What is evident when looking at Evans’ hockey career (including four years at college and two years in Laval) is the 25-year-old continually develops and improves. While he may not have a high ceiling, each year he becomes a better player. I think this is what Bergevin had in mind when he inked the contract. He expects Evans to make continual improvements this year and during the three contract years while playing a strong shutdown role and killing penalties.

As it stands now, Bergevin just signed a speedy, defensive, penalty-killing fourth line player to a $1.7M contract. This is not a terrible contract and likely not one you will regret for a 25-year-old entering his prime. If Evans continues to improve and can produce 20 to 30 points, the contract will look good. But based on preseason games, it looks like Evans will get his shot at the third line centre role with much more talented wingers (Mike Hoffman and Brendan Gallagher?). While I think it’s a little bit of a mismatch, if Evans can jump-start his performance into a +30-point producer (while playing a two-way game), this contract will look amazing.

No matter how the future unfolds, it’s a no-lose situation for Bergevin.

Ken MacLeod: Signing Evans to a three-year extension with a $1.7M cap hit was a shrewd piece of business from Bergevin.  Before the deal even runs its course, Habs fans might end up looking at it with the same appreciation they had for a similar contract signed by Paul Byron before the 2016-17 season.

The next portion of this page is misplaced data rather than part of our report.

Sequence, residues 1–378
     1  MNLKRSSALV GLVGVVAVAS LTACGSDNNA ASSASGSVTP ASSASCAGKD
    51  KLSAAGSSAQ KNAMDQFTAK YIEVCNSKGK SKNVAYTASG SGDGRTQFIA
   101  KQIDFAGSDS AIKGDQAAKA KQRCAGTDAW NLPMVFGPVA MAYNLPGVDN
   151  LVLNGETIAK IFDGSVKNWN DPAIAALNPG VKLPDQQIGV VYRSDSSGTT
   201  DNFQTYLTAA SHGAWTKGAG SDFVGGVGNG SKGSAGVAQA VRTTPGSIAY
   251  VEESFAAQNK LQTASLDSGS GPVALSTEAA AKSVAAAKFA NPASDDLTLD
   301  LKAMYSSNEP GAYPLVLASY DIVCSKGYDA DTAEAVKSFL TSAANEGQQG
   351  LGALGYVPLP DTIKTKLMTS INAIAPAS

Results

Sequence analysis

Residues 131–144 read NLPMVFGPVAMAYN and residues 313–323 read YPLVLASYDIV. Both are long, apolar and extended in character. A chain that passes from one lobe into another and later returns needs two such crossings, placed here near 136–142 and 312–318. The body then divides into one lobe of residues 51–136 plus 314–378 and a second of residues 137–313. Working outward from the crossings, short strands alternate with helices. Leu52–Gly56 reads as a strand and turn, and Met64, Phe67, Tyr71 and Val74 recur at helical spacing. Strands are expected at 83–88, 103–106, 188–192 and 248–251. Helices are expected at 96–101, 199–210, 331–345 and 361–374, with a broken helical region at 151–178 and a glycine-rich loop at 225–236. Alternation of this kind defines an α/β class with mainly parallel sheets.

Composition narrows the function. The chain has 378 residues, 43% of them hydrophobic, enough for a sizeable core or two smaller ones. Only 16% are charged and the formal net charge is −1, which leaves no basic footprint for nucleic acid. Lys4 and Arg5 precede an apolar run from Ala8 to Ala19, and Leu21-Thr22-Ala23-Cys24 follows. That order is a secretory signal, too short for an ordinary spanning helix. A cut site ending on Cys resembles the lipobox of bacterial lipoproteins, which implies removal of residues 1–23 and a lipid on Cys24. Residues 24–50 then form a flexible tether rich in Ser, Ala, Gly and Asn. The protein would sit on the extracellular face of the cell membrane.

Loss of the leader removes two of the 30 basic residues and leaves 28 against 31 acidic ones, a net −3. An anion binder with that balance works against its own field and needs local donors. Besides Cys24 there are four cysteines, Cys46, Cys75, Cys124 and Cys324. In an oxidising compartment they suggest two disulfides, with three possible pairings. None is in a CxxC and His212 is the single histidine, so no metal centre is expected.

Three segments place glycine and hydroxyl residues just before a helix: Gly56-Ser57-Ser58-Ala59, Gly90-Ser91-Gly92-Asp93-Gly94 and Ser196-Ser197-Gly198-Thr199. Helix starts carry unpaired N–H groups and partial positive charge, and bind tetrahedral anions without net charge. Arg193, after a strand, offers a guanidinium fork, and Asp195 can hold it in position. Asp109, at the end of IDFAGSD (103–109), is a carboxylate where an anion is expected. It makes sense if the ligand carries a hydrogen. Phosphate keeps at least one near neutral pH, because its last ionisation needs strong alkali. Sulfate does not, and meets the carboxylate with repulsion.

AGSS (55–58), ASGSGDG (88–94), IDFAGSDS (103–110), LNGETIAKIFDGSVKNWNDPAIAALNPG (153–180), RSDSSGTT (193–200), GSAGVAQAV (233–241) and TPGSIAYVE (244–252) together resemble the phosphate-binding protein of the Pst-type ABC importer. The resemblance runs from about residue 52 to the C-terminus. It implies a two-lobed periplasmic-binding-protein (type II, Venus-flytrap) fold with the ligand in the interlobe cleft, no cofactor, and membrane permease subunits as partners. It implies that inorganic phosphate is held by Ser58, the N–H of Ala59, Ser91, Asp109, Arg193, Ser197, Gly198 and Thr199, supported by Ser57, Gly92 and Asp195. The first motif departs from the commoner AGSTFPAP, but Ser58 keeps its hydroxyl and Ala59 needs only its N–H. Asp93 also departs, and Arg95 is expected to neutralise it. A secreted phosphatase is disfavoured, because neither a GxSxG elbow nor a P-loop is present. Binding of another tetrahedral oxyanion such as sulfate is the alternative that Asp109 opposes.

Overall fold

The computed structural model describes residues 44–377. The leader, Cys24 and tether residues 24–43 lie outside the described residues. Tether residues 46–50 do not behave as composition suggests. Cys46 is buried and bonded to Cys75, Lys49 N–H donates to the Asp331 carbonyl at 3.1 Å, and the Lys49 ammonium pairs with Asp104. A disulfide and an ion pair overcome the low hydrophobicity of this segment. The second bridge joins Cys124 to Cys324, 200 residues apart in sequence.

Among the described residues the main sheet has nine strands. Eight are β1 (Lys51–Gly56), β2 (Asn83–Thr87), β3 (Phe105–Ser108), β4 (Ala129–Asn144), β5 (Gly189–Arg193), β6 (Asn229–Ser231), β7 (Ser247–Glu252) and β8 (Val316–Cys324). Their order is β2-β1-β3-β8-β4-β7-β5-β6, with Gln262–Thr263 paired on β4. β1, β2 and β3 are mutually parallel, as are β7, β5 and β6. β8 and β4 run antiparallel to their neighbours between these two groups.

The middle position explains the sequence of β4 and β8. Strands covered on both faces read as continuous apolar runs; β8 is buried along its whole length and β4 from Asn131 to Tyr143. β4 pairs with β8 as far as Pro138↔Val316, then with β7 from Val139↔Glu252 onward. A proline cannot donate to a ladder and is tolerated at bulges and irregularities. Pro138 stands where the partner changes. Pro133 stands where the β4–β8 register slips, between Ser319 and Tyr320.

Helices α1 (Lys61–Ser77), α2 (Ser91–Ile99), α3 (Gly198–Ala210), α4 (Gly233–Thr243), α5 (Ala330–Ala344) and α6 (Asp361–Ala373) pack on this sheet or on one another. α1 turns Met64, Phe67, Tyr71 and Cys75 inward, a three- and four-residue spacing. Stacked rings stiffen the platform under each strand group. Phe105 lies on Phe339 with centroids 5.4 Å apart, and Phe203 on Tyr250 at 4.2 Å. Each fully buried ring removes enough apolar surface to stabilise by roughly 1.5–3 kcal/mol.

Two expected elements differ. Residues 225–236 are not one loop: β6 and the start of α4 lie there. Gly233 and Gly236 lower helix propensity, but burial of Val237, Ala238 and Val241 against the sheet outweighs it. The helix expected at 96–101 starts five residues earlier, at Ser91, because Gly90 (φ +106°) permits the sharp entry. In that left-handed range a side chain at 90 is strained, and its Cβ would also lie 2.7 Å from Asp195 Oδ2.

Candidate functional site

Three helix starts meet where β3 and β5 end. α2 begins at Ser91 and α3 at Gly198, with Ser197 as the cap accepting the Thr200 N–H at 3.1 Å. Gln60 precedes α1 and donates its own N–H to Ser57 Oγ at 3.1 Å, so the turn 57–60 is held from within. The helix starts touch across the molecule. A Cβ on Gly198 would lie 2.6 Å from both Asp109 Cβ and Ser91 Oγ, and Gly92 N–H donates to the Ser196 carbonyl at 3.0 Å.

The production isn’t there yet for the 25-year-old Toronto native, but Evans’ career progression and what is likely ahead of him this season – quality linemates, increased ice-time and a clearly defined top-nine role — point to a defensively responsible centre with good speed and faceoff abilities who has a decent chance to be a 35-40-point player over all three seasons of this contract.

The signs are there that he can capably fill the role; Evans was a consistent point producer in the NCAA and the AHL, averaging 40 points in each of his final three seasons with Notre Dame and two seasons with Laval. He’s also a much better skater today than when he left university and has added 15-20 pounds to what was once a slight frame.

Evans is an interesting player who has the potential to take full advantage of the Canadiens losing their number two and three centres in the offseason. I fully expect Evans to claim the third-line centre job out of training camp, have a fine season and make the upcoming deal look like a bargain for both sides.